Unabridged from my Bonus Years column in the Lifestyle section of The Sunday Capital, Annapolis, Maryland
During the past two weeks I’ve had conversations and email exchanges with several later-life readers who are embarking on new careers. One had worked 43 years for a large institution with mandatory retirement, and regretted having to step down. He said, “I’m healthy, at the top of my game, and I want to keep working, even if it is on a reduced schedule.”
Two others had become bored with retirement hobbies and activities and wanted to get back into the workplace – in one case on a full-time basis. Still another had pressed the “refresh” button, going back to school to be certified in a new profession, but was having a problem finding a job.
Each of these is an example of an observation by David Corbett, an executive recruiter-turned-later-life-advisor and author: “Americans are coming to realize that the second half of life can mean a second wind…that we are not done at 60, not at 70, and maybe not at 90…[Instead] it’s now a time to serve, a time to learn and try new things. There is much behind, but there is more ahead.”
Theology professor and author Howard Hendricks said much the same thing: ““A person with a calling is a person who has purpose and meaning that will not end with the termination of a job…”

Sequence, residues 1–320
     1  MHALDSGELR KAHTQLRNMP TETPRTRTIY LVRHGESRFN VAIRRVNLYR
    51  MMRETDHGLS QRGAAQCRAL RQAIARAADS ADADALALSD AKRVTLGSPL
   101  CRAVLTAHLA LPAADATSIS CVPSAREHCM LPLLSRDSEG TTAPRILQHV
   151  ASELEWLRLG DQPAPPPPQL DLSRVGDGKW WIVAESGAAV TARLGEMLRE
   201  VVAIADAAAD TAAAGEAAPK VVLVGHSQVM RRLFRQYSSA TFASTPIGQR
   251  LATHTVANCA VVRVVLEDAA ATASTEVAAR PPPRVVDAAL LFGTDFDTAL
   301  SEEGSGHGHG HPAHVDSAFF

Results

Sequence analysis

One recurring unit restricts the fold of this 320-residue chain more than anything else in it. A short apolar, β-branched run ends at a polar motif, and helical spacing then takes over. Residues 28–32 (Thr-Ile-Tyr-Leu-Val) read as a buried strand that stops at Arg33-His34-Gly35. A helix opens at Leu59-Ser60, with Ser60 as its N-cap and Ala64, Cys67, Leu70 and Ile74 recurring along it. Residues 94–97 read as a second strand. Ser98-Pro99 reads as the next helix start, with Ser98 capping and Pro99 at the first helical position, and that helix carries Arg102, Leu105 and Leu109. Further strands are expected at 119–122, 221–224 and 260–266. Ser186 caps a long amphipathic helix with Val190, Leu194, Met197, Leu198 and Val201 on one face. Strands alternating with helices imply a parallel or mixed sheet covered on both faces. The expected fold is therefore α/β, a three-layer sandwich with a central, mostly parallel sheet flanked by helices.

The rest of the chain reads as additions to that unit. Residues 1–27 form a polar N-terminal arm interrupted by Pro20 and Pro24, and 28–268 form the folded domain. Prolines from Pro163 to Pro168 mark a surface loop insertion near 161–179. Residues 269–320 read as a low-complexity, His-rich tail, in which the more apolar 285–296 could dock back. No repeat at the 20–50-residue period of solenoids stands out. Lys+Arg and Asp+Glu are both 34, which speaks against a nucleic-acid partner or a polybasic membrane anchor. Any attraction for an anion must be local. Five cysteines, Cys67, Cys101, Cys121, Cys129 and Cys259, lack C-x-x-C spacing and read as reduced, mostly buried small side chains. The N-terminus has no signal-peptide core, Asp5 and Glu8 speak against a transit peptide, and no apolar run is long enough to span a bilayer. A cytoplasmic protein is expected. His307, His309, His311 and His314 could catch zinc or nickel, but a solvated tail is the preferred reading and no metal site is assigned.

Enter the “second chance,” one of the most distinctive and admirable features of American culture, and one of the most dramatic differences between American culture and those of most other nations. The “second chance” is something you don’t read much about in the “blame America first” malaise that infects so much of what our political and media elites say and write these days, but it may be our most important cultural asset in accounting for America’s exceptional success as a nation.
Americans are great believers in “the second chance.” And the redemptive second chance is built into our earliest practices and basic institutions – practices that didn’t stop with the Mayflower and institutions, like immigration and the community college, that continue to evolve to this day.
Our “second chance” roots are deep. Early 20th century historian, Frederick Jackson Turner observed that the American frontier was advanced by new Americans seeking a second chance and an opportunity for redemption as they headed for the frontier, forsaking extant customs – sometimes even fleeing the law – and creating new institutions (e.g., the circuit-rider judge) and social practices, such as the community barn-raising.
Over time, this “frontier spirit” has been embedded in nearly every aspect of American culture and is reflected in our institutions (e.g., virtual retirement communities, ride-sharing, Craig’s List, Neighborhood Watch) and the ways people treat each other – e.g., the “Welcome Wagon,” food banks, volunteerism and philanthropic giving.
One of the best examples of the “second chance” is, of course, immigration and the many paths to citizenship we provide to those not born here.